Mobile-payments startup Square discussed possible sale with Apple, Google, eBay

“With losses widening and cash shrinking, representatives of mobile-payments startup Square Inc. have discussed a possible sale to several deeper-pocketed rivals, according to people familiar with the matter,” Alistair Barr, Douglas Macmillan and Evelyn M. Rusli report for The Wall Street Journal.

“Google Inc. discussed a possible acquisition of Square earlier this year, according to three people familiar with the matter. Those talks followed a meeting in 2012 between top Google and Square executives to discuss a possible takeover, according to two people familiar with the matter. It isn’t clear whether the talks are continuing,” Barr, Macmillan and Rusli report. “Square also had informal discussions about a deal with Apple Inc. and eBay Inc.’s PayPal in the past, according to people familiar with those situations. Those conversations never developed into serious talks.”

“Square recorded a loss of roughly $100 million in 2013, broader than its loss in 2012, according to two people familiar with the matter,” Barr, Macmillan and Rusli report. “A spokesman for Square said, ‘We are not, nor have we ever been in acquisition talks with Google.’ He added, “While we appreciate that Square may be an attractive target for some companies, we have never seriously considered selling to anyone or been in any talks to do so.'”

Much more in the full article here.


    1. but they sell those devices you attach to your iPhone or iPad to swipe your credit card. plus they must get a percentage of the transaction. Apple doesn’t own those or the patents i’m assuming.

      if anyone offers lots of money for this company they should take it. I’m surprised paypal hasn’t already destroyed them

      1. Actually, they give the readers away. They take a 2-3% transaction fee, depending on some exact details that I don’t recall off the top of my head. It should be a money maker, I would think. A great alternative to being ripped off by a bank with high cost readers, service fees and transaction costs.

        They also have a (currently) free cash transfer protocol that I don’t know how they would ever monetize. I’ve used it a couple of times and it is really pretty smooth. I guess I might be willing to pay a small fee for the convenience, but many would not.

        I could see Square as part of Apple, good design and user-friendliness being part of Squares appeal. I could see eBay/PayPal wanting to buy them, since PayPal thought enough of them to copy their reader concept. Acquisition by Google would be end-of-life for Square, at least for me.

      2. Apple is perfectly capable of making a card reader if they wanted to. My guess (if they went down the mobile payment route) is that they would do it without the card at all, just build it all into the phone as it’s done for iTunes/App store now.
        I like Square, I just don’t see it as anything other than a bug for Apple to squish if it ever decides to go into mobile payments.

  1. I have been watching Square for some time. Their current business model works only for very small businesses. The reason is that their POS system is simplistic and their 2.75% charge is high. For example, one of the businesses I own averages less than 2.50% credit card charge cost.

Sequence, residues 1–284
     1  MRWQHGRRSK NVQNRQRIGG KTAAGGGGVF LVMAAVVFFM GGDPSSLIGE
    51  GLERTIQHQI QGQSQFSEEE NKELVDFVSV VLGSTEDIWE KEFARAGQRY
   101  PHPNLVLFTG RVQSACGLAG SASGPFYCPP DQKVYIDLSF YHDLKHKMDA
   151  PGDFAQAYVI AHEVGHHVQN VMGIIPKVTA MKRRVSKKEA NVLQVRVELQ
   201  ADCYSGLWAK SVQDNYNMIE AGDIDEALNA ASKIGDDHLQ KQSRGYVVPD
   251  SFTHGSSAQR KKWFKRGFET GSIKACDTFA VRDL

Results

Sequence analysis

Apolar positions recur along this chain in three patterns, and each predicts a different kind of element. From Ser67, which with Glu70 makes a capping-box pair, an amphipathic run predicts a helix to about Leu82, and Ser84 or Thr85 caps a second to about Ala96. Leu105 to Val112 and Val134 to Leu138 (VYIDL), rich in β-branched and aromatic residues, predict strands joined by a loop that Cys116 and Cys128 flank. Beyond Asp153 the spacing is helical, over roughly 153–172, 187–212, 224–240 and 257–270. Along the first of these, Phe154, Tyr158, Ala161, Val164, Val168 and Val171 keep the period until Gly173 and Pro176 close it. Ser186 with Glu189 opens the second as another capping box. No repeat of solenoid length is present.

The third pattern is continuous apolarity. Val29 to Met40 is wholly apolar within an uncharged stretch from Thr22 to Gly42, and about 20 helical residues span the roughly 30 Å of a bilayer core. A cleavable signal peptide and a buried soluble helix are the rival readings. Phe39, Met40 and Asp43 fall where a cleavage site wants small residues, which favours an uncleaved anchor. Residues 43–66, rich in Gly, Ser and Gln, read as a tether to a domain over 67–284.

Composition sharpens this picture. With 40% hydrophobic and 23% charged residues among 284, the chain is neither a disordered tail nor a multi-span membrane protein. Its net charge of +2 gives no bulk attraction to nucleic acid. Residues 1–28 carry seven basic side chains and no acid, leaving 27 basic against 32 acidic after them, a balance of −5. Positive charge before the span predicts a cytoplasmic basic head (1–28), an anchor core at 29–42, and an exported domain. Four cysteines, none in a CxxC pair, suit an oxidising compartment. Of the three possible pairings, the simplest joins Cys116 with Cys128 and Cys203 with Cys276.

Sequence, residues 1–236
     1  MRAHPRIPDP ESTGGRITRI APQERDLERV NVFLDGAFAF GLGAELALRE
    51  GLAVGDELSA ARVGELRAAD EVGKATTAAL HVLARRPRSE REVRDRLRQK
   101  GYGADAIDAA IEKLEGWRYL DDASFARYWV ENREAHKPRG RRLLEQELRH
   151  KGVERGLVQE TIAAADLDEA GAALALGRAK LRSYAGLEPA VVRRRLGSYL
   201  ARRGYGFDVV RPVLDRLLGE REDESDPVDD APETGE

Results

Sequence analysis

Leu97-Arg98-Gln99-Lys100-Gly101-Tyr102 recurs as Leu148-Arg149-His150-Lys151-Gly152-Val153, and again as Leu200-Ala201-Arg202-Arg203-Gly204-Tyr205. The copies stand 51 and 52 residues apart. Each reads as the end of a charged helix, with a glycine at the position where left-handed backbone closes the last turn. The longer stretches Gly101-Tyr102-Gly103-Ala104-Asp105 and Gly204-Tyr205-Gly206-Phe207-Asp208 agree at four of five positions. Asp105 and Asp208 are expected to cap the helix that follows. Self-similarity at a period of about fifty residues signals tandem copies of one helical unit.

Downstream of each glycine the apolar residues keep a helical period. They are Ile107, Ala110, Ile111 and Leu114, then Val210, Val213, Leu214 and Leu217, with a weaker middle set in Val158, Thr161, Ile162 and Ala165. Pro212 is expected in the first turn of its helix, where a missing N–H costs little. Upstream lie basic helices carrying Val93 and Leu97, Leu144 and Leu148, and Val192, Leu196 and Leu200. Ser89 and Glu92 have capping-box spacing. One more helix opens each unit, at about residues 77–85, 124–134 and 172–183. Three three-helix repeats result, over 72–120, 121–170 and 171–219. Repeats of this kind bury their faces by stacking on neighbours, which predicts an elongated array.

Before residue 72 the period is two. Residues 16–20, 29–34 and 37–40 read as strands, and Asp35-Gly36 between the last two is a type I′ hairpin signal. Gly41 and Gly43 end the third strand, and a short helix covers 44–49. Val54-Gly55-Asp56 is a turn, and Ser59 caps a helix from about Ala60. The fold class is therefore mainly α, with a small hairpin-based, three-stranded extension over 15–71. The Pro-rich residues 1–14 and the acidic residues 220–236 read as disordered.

1. Somehow it’s working for Starbucks and Whole Foods. Keep in mind that 2.75% is without any additional fees.

      My guess is that they’re building a base of small businesses now, but will scale up with tiered fee levels.

  2. Square’s main appeal was for independent enterpreneurs. Their free hardware (Square mobile credit card reader) and their Point-of-Sale (POS) software, together with the merchant services, allowed anyone and everyone with a US-based bank account to accept credit card payments for goods and services. You could do a yard sale and take credit cards; rock bands could accept credit cards for CD sales at their concerts; escort girls could accept credit card payments for their “services”…

    Their service is extremely easy to set up, inexpensive (no up-front or maintenance cost, just the per-transaction fee and percentage; if you don’t use it, you pay nothing), anyone can set it up for the heck of it, and get a free card reader from them. If they are losing money, perhaps their fee structure isn’t adequate to support the business. Then again, it isn’t any worse than PayPal, TicketLeap, EventBrite or other similar services out there.

    Square’s interface is designed very well. It looks appealing for customers, as well as for the merchants, and it would be a shame if it failed.

    1. There is a certain segment of startups that want all the cash customers they can get for the obvious reason.

      Maybe that segment is larger than we think. Hey, maybe the BLM swat team will be moved to the IRS?

  3. it may or may not make sense for Apple to buy square as part of a push into small retail businesses, but I’ve been saying for some time that Apple should own a bank. Not to be in the consumer retail banking business of running checking and savings accounts, but to be able to do ordinary bank-to-bank transactions for things like iTunes and Apple retail purchases.


  4. Even though Square denies that they are in buyout talks with anyone, the handwriting is on the wall – the transition in the USA from magstripe cards to smart cards, which will be well underway by this time next year (American Express is already doing it) and complete by 2016, will render 100% of the existing Square readers obsolete. I don’t see them being able to freely distribute the (far more complicated) smartcard readers and still stay in business.

Reader Feedback

This site uses Akismet to reduce spam. Learn how your comment data is processed.